Biden reveals plans to apply restrictions to migrants seeking asylum at the US-Mexico border

WASHINGTON (AP) — President Joe Biden unveiled plans Tuesday to immediately impose significant restrictions on migrants seeking asylum at the U.S.-Mexico border, as the White House moved to neutralize immigration as a political responsibility before the November elections.

Long-awaited presidential proclamation would bar migrants from obtaining asylum when U.S. officials believe the southern border is overwhelmed. The Democratic president had considered unilateral action for months after a bipartisan border security deal failed in Congress that Most Republicans rejected at the request of former President Donald Trump, the presumptive GOP presidential nominee.

Biden said he preferred more lasting action via legislation, but “Republicans gave me no choice.” Instead, he said he was acting on his own to “take control of the border” while insisting that “I believe immigration has always been the lifeblood of America “.

Trump “told Republicans … he didn’t want to fix the problem, he wanted to use it to attack me,” Biden said. “It was a cynical, extremely cynical political decision and a disservice to the American people who expect us not to militarize the border, but to repair it.”

Trump, for his part, used his social media account to again attack Biden over immigration, saying the Democrat had “totally given up on our southern border” and that his order was “only for the show” before the presidential election. their June 27 presidential debate.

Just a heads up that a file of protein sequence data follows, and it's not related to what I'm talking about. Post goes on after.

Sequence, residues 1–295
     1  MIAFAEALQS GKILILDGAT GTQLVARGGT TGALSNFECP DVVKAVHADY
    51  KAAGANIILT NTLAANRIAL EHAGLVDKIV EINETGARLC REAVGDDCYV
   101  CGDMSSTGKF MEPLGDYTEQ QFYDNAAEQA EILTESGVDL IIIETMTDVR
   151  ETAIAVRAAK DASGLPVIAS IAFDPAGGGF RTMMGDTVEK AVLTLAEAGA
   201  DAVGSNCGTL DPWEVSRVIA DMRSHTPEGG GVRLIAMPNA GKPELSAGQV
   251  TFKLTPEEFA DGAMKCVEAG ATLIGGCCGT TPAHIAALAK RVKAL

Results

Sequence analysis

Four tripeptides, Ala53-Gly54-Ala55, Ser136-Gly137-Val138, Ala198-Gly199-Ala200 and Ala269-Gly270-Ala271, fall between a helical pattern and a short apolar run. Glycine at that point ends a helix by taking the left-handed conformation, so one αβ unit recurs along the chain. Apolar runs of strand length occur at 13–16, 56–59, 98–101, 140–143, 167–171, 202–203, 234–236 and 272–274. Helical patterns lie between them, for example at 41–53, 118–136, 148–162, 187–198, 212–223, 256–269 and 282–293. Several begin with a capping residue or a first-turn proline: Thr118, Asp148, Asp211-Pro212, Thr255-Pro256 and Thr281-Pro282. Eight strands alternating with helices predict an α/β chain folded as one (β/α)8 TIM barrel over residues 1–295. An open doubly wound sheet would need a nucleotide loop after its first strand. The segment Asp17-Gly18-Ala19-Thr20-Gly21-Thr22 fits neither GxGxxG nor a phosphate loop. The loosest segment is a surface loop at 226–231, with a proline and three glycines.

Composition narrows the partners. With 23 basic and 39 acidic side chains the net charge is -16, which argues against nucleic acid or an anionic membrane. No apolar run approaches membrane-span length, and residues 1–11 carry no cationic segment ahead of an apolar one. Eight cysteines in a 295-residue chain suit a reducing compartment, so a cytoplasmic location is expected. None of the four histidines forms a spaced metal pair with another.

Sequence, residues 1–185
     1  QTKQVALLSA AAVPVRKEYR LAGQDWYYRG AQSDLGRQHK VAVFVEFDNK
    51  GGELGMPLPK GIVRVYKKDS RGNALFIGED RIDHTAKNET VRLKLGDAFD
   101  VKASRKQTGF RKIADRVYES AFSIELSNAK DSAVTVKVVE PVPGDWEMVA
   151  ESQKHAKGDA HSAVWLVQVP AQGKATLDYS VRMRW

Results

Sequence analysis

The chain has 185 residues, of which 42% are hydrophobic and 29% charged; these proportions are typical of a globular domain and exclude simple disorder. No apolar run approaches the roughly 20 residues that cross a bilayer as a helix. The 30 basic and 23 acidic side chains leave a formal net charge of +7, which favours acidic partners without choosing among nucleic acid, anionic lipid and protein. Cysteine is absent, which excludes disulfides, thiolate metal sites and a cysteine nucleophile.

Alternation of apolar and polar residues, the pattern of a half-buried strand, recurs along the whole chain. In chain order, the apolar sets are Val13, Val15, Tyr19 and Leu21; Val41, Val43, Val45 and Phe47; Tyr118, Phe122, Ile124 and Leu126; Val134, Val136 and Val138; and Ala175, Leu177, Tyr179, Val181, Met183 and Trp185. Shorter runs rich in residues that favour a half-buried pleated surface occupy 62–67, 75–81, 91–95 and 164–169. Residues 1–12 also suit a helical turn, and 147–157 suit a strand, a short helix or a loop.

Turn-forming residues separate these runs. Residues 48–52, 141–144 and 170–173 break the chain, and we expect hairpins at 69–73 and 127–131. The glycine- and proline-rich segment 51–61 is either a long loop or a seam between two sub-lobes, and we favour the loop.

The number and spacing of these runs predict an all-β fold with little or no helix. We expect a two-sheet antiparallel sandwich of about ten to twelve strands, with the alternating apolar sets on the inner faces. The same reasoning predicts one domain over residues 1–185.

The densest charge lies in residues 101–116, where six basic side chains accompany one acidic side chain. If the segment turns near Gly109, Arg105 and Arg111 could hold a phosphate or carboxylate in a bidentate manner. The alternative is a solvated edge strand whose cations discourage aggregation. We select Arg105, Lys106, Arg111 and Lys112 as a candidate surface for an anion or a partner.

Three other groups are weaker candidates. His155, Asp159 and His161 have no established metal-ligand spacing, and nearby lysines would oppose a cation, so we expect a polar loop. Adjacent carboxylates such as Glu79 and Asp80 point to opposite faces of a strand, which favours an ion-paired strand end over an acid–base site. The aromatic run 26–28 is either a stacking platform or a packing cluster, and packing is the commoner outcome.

The order will take effect when the number of border crossings between ports of entry reaches 2,500 per day, according to senior administration officials. This means Biden’s order should go into effect immediately, as daily averages are now higher. Average daily arrests for illegal crossings from Mexico were less than 2,500 in January 2021, the month Biden took office. The last time the number of border crossings fell to 1,500 per day was in July 2020, at the height of the COVID-19 pandemic.

The restrictions would be in effect for up to two weeks after the number of daily encounters is equal to or less than 1,500 per day between ports of entry, averaged over seven days. These figures were first reported by Associated Press Monday.